web analytics
for pain a l'ancienne, is there anything better than kingArt's bread flour? - Forno Bravo Forum: The Wood-Fired Oven Community

Announcement

Collapse

Photo Galleries are back! Instructions below.

Dear forum users,
Thank you for your patience with the Photo galleries. We've got your galleries online!
We have finished writing a custom script to migrate the PhotoPlog to vBulletin5’s albums.

Unfortunately V-Bulletin killed the "Photoplogs" in their software upgrade which was unforeseen and we're the first development group to have written a script for getting the galleries back... that said, it took some time to reverse engineer the code and get the albums to move over seamlessly!

Forum users will be able to access their “PhotoPlog” images through their user profile page by clicking on the “Media” tab.
They will also be able to browse other albums by going to the albums page. (On the forum site, there is a link in the black bar beside “Forums” to the albums.)

In order for users to create an album please follow the steps below.
1) Go to user profile page and click “Media”
2) Click Add Photos
3) Enter Photo Gallery Title in the first field
4) Click Upload or Select from Photo Album to add photos
5) Click Post
6) Once posted, the album will be created as a “Topic” on the albums page for the public to see. The topic title will be the “Photo Gallery Title” they created before uploading their photos.


To create this migration path we used vBulletin5’s default album structure. Unfortunately, it won’t work like the “PhotoPlog” but is an album/gallery component on the forum now.
See more
See less

for pain a l'ancienne, is there anything better than kingArt's bread flour?

Collapse
X
  • Filter
  • Time
  • Show
Clear All
new posts

  • for pain a l'ancienne, is there anything better than kingArt's bread flour?

    Any improvements to King Arthur's Bread Flour for USA Northeasterners, or anywhere in the USA, for that matter?

    I'm not complaining about the KA stuff, it works for me just fine, and it is available at the local supermart. I'm just wondering if there is a better one out there for pain a l'ancienne.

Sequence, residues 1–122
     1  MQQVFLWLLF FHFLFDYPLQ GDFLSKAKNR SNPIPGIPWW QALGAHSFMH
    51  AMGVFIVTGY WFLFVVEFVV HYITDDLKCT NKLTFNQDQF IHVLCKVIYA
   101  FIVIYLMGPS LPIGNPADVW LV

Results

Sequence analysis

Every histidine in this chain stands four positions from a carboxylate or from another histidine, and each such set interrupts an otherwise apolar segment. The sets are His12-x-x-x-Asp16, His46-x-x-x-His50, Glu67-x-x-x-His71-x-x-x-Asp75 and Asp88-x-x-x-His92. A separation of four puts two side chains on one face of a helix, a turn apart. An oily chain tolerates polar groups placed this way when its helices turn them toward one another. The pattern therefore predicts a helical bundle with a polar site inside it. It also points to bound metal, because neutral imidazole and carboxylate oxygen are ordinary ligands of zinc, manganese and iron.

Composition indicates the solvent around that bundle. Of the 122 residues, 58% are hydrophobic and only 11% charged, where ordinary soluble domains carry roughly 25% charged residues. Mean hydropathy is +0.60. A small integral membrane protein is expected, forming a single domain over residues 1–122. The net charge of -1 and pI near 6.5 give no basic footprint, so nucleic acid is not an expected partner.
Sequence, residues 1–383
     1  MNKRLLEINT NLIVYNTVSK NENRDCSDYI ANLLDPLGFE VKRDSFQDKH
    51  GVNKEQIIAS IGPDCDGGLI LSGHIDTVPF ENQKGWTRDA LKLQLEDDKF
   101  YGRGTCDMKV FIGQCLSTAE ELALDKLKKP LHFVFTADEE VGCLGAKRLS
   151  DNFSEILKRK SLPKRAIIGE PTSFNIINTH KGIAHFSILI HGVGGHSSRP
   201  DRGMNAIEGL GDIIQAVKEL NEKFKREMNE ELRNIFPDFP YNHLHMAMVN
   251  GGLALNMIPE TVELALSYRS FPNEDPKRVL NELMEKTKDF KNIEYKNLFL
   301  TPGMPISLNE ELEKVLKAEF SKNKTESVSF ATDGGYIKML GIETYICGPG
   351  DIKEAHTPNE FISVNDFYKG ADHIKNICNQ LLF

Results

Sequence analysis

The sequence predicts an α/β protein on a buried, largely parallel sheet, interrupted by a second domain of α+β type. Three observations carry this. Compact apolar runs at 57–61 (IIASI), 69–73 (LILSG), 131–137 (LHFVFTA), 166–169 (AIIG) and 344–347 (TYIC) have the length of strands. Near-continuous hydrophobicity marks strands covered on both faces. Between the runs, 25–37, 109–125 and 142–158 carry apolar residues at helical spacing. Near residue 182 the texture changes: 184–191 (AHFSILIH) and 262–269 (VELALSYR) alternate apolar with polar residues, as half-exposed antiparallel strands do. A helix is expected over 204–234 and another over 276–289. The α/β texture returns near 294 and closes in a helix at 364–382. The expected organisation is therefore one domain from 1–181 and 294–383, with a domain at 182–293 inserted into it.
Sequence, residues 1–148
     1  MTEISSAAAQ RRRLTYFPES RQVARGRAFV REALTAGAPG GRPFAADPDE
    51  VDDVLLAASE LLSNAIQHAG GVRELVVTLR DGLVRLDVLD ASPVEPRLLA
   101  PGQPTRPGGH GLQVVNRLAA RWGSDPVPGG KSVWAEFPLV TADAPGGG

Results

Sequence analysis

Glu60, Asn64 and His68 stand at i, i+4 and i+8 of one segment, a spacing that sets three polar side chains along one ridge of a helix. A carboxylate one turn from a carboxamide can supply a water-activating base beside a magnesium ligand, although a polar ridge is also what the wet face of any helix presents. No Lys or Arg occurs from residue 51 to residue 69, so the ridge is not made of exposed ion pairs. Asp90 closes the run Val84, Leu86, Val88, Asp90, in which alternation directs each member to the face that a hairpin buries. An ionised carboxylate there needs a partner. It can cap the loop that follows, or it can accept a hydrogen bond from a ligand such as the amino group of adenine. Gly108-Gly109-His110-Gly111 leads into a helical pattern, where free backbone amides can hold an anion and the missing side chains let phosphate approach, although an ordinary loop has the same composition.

• #2
    Re: for pain a l'ancienne, is there anything better than kingArt's bread flour?

    Never mind . . . I saw the price of Guista (sp) flour. I'll stay with my King Art!

    Comment


    • #3
      Re: for pain a l'ancienne, is there anything better than kingArt's bread flour?

      What are you looking for? Higher hydration? We don't use KA bread flour...only some of the whole flours...we are very challenged for ingredient here as far as bread flours go so we have to experiment with different things to condition the doughs...ascorbic acid...vital wheat gluten...etc...
      Dutch
      "Making the simple complicated is commonplace; making the complicated simple, awesomely simple, that's creativity. " Charles Mingus
      "Build at least two brick ovens...one to make all the mistakes on and the other to be just like you dreamed of!" Dutch

      Comment


      • #4
        Re: for pain a l'ancienne, is there anything better than kingArt's bread flour?

        I'm looking for anything that will excite the taste buds. I only make pain a l'ancienne and it's "family" (pizza, small rolls, whatever). I do not work woth whole wheat or similar flours.

        As I said, I am very successful and satisfied with KA bread flour, but one is always curious how another flour will work. for the record, I tried KA all-purpose flour, and their bread flour is makes a much tastier pain a l'ancienne loaf. Yes, it gives a moister crumb as well as a better (for me) flavor.
        Last edited by Thirties; 04-17-2008, 08:10 AM.

        Comment


        • #5
          Re: for pain a l'ancienne, is there anything better than kingArt's bread flour?

          If you want to experiment with flour, try Giustos. Most excellent. Pricy, and you have to pay for shipping, but I think it's worth it when you are really going for it.

          Giusto's - Giusto's Home Page

          Besides, the cost of flour, compared with a so-so $5.50 "artisan" loaf in the supermarket, is relatively inexpensive.

          James
          Pizza Ovens
          Outdoor Fireplaces

          Comment


          • #6
            Re: for pain a l'ancienne, is there anything better than kingArt's bread flour?